Physically damage seeds of non-woody plants before sowing: freshwater wetlands
Overall effectiveness category Awaiting assessment
Number of studies: 3
Background information and definitions
Damaging, weakening or softening the coating of seeds before planting can help to break seed dormancy and encourage germination. For species with physical dormancy, damage to the seed coat can increase its permeability to water and gases, which are essential for germination. For a database of seed dormancy class by species, see Baskin & Baskin (2014).
This action includes mechanically damaging seeds (e.g. by rubbing them with sandpaper or nicking them with a knife) and removing excess tissues from around the seed (e.g. the sac-like perigynia around sedge seeds). To be summarized as evidence for this action, studies must have explicitly compared the performance of treated and untreated seeds. Studies that simply report the performance of treated seeds are not summarized here. Studies do not have to be in flooded/saturated soils, as long as they involve wetland-characteristic species.
Baskin C.C. & Baskin J.M. (2014) Seeds: Ecology, Biogeography and Evolution of Dormancy and Germination, Second Edition. Academic Press.
Supporting evidence from individual studies
A replicated, controlled study in the early 1990s in a laboratory in Colorado, USA (Thullen & Eberts 1995) found that rubbing hardstem bulrush Scirpus acutus seeds with sandpaper had no significant effect on their germination rate. Germination rates did not significantly differ between seeds that had been rubbed between sandpaper before incubation (0–11% germination) and seeds that had not been rubbed (0–14% germination). Methods: Thirty-two sets of 10–50 hardstem bulrush seeds were incubated in flasks of fresh water at 10/25°C or 18/22°C (night/day temperatures). Of these, 16 sets had been rubbed 20 times with sandpaper immediately before incubation, whilst 16 sets had not. All seeds had been collected in August 1991 from two wild populations, stored in the laboratory for >5 months, and sterilized immediately before the experiment. The study does not clearly report the length of monitoring (probably between six and twelve weeks).Study and other actions tested
A replicated, randomized, controlled study in 1994–1995 in a greenhouse in Florida, USA (Ponzio 1998) found that rubbing sawgrass Cladium jamaicense seeds with sandpaper had no significant effect on their germination rate. Germination rates did not significantly differ between seeds rubbed with sandpaper then soaked in water (44% germinated) and seeds only soaked in water (44% germinated). For reference, the germination rate of seeds that were neither rubbed nor soaked was 55%. Methods: In September 1994, three-year-old sawgrass seeds were sprinkled onto 18 trays of sterilized soil (100 seeds/tray). Six trays were planted with seeds rubbed with sandpaper for one minute then soaked in water for 24 h. Six trays were planted with seeds only soaked in water. Six trays were planted with untreated seeds (neither rubbed nor soaked). The trays were placed in random positions in a greenhouse and watered daily until no more germination occurred.Study and other actions tested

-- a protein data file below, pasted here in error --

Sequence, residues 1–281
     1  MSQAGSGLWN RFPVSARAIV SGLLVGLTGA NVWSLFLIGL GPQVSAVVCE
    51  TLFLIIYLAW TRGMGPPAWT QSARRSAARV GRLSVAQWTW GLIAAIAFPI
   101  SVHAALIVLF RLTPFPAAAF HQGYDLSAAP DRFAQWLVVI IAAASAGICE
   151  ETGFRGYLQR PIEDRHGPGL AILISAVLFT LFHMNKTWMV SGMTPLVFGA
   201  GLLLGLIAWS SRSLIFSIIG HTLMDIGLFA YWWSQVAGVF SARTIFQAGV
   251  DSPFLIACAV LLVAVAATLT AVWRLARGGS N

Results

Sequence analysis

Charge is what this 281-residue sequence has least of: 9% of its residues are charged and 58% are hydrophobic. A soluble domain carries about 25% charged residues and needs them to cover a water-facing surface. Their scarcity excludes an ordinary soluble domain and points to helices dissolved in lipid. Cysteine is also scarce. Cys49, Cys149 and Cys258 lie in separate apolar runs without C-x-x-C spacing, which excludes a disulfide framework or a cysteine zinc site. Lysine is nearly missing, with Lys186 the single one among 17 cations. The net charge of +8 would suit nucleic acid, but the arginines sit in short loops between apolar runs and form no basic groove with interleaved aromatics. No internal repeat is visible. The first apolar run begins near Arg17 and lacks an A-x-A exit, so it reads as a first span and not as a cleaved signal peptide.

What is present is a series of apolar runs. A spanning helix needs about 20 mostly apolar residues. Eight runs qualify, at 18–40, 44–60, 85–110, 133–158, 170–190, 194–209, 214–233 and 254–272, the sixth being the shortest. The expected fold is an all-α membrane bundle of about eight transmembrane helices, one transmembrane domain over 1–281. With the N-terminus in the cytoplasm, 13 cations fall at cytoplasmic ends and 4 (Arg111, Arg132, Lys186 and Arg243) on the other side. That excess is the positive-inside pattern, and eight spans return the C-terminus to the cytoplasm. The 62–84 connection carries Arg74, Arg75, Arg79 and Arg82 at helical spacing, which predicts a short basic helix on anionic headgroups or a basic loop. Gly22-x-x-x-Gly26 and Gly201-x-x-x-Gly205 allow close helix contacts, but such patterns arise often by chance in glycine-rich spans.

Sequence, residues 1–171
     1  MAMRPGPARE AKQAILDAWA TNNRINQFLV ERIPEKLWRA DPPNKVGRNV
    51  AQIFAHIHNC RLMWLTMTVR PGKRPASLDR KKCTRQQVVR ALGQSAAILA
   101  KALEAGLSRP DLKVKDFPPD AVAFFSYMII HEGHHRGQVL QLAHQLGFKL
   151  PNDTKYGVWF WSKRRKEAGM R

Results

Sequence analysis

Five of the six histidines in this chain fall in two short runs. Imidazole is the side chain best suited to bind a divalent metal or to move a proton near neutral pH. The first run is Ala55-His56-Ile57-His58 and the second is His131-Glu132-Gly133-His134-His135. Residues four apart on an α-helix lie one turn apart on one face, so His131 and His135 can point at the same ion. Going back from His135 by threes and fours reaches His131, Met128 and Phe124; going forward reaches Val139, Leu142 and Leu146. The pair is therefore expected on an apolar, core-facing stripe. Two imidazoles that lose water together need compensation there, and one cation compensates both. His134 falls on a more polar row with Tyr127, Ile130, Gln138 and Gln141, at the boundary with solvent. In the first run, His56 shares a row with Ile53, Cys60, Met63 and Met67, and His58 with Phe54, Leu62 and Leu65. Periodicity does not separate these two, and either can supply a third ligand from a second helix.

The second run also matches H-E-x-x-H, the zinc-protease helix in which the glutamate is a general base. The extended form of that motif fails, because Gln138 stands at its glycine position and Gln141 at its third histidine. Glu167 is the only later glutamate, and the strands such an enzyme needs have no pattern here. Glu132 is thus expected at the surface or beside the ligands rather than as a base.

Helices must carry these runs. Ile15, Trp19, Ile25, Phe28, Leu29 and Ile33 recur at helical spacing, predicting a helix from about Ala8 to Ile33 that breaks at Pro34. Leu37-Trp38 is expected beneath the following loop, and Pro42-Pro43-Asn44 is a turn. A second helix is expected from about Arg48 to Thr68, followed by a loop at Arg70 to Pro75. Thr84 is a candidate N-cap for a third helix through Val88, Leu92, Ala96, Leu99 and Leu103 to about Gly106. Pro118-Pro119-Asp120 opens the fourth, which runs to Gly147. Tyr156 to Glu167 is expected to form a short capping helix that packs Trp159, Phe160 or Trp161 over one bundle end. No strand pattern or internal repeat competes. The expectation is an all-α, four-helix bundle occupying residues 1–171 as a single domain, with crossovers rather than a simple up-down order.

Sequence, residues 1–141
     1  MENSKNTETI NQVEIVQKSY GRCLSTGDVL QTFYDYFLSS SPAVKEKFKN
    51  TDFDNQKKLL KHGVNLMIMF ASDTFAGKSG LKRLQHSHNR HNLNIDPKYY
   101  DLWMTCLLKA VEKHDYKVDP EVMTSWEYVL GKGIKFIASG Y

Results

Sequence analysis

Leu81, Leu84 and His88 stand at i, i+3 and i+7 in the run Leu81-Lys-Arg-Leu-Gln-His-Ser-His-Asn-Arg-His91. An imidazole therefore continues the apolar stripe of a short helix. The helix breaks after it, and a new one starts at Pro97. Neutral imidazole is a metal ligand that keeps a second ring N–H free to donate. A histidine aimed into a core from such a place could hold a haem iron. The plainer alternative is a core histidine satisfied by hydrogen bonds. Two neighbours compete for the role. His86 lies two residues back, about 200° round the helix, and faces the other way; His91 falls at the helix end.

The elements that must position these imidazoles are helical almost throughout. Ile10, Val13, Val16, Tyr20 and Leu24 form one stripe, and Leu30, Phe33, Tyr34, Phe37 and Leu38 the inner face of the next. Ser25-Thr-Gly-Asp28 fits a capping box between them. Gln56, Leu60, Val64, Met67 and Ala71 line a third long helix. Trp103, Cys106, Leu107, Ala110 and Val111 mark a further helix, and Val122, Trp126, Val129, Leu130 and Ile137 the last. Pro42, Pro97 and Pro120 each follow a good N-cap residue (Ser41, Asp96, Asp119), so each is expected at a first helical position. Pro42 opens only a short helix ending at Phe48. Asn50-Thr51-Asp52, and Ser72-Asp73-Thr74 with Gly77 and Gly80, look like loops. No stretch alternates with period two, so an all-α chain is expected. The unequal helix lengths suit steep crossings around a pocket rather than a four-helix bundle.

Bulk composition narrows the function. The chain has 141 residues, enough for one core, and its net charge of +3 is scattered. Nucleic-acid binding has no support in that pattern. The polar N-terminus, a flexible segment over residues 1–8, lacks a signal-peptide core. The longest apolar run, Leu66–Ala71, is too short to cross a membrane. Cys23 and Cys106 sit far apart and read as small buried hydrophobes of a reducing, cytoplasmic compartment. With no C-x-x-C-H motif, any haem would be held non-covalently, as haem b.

A replicated, randomized, paired, controlled study in 1997 in a laboratory in Utah, USA (Jones et al. 2004) found that removing the sac-like coating of sedge Carex spp. seeds before sowing never reduced the germination rate, although the precise effect depended on light conditions after sowing. In three of three comparisons involving seeds germinating in light, exposed seeds had a higher germination rate (43–95%) than seeds still in their sac (26–88%). In two of three comparisons involving seeds germinating in the dark, exposed seeds had a statistically similar germination rate (2–12%) to seeds still in their sac (1–8%). In the other comparison, exposed seeds had a higher germination rate (40%) than seeds still in their sac (31%). Methods: Two-year-old seeds of beaked sedge Carex utriculata and Nebraska sedge Carex nebracensis were sown into a total of 384 petri dishes (192 dishes/species; 32 seeds/dish), then incubated in the laboratory. In 192 random dishes, the sac-like coating of the seeds had been removed by tumbling the seeds in sandpaper. In the other 192 dishes, the coating had not been removed. Dishes were allocated to various other treatments (including germination in light vs dark, and different pre- and post-sowing temperature regimes). Each incubator shelf received four random dishes of each treatment combination. Germination rates, as a percentage of viable seeds, were recorded for each dish 36 days after sowing.Environmental effects on germination ofStudy and other actions tested